Group Communication

Corporations, organizations and schools on many occasions call for individuals to work in small groups. In order to solve problems, these teams usually need to communicate. In as much as there are people who prefer to work alone when tackling problems, team work performs better than individuals working alone. Small group communication is very effective in offering diversity of perspectives and the fact that group members have the opportunity of taking defined roles. In small groups, members must always be willing to communicate freely and openly with other members of the group in order to achieve the desired results. The diversity of experience and perspectives brought by each individual is very effective in achieving great results.

The Roles of Group Members in Group Communication

Every person in a small group is expected to play certain roles within a particular group. In as much as some roles may directly relate to the task aspect of the group, others promote social interaction within the group. The third set of roles of members in a group is usually self-centered and may even turn out to be disparaging for the group.

Group Task Roles

Group task roles are very effective in assisting the group to focus on achieving its objectives. Effectual group members must always serve a myriad of roles. In as much as some members may prefer to look into few specific roles, it is always better for roles to be spread more evenly among the members with the roles being frequently alternated. This is because of the fact that focusing on specific roles may turn out to be counterproductive. In completing a group’s task, the role of the initiator-contributor is usually to generate new ideas that the group should work on. The information-seeker or giver, together with the opinion seeker or giver ask for or give facts on opinions.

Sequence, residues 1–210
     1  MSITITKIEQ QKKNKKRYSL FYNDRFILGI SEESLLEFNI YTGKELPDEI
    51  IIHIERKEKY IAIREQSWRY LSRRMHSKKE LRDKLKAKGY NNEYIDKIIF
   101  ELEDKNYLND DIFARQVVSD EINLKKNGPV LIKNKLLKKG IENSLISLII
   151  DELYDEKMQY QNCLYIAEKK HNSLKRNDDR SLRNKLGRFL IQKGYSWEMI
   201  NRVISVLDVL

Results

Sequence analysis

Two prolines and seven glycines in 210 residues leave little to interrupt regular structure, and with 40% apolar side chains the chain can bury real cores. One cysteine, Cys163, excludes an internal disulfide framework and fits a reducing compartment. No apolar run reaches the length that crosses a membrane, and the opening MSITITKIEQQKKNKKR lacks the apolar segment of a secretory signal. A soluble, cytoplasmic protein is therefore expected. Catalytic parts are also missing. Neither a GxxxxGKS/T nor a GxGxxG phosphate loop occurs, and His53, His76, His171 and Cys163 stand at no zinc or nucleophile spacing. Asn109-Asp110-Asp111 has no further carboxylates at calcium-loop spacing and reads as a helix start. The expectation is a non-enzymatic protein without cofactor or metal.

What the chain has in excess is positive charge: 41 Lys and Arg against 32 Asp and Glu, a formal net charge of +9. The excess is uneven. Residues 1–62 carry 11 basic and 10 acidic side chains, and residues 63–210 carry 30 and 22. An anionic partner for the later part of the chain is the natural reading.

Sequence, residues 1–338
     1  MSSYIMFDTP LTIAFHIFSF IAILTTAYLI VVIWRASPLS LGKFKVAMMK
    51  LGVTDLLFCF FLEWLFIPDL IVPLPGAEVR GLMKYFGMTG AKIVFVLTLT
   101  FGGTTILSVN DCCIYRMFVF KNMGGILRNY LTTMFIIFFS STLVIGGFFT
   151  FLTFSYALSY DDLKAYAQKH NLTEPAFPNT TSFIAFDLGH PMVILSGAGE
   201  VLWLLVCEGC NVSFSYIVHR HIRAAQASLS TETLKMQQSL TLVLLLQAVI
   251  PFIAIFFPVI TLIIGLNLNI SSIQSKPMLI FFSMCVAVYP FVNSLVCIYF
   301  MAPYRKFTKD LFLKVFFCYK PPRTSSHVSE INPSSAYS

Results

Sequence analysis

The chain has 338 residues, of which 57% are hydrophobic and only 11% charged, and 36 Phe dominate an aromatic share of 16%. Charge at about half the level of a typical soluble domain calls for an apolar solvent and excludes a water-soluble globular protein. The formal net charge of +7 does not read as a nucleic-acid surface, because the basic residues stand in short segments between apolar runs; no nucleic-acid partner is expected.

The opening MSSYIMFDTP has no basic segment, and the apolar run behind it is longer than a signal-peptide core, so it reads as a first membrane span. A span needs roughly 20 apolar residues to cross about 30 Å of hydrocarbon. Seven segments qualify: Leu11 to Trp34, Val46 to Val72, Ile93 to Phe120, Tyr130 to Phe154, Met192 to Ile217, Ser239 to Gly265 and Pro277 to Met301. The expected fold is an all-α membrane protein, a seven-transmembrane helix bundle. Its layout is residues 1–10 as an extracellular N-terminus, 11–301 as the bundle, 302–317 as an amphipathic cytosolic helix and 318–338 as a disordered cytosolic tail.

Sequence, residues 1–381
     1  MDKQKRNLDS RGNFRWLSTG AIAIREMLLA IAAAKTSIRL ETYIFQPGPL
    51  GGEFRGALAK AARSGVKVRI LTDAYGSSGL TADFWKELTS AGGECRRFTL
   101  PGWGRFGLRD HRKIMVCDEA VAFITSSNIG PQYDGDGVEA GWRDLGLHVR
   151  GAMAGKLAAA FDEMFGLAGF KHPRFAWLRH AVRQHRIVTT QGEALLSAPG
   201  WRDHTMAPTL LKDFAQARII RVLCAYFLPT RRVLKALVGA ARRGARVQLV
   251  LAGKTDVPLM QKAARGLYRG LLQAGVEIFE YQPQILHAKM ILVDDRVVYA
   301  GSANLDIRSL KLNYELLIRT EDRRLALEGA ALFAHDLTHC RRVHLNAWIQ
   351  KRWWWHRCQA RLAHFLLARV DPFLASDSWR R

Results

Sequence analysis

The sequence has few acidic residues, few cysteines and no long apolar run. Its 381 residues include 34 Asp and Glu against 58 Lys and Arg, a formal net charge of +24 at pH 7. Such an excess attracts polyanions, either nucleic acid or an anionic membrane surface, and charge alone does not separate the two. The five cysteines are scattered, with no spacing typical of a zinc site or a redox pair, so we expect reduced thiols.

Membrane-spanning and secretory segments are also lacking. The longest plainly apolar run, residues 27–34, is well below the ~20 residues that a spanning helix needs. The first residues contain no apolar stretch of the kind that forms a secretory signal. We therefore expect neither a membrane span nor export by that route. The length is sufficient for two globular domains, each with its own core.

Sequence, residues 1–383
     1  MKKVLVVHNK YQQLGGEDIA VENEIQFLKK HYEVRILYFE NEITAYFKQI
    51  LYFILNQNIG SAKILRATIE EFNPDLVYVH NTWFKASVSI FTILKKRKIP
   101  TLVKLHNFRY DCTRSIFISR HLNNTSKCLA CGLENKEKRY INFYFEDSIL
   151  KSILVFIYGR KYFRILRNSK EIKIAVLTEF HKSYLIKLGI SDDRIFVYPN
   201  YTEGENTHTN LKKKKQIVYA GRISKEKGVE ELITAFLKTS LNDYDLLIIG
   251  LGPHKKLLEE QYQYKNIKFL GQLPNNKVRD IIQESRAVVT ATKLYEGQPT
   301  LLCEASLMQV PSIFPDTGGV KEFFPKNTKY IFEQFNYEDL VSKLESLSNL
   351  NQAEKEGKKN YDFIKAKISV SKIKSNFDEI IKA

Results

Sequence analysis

Both of them are also required to inquire about clarifications on the topics being discussed as well as present particulars and views of group members. Within the group, the role of the elaborator is to explain the ideas within the group while giving relevant examples for the sake of clarifications. The relationship between ideas is shown by the coordinator while the orienter shifts the direction of the group’s discussion. The group’s actions are usually measured by the evaluator-critic against some objective standard. The evaluator-critic, as the name suggests, evaluates the group’s decisions while at the same time questioning the practicability or the logic of the suggestions.

Eventually, he/she provides the group with not only positive, but also negative feedback. The role of stimulating the group to a higher level of activity is usually played by the energizer. The procedural-technician carries out all the logistical roles of the group while all the records of the group’s actions are kept by the recorder.

Social Roles

It is not always possible for a particular group to be task-oriented at all times. Due to the fact that group members have a myriad of interpersonal relationships, it is vital for these relationships to be nurtured for the sake of effectiveness of the group . If at all the group members are going to be effective, their satisfaction is very necessary. This calls for the social roles which are also effective in group building and maintenance.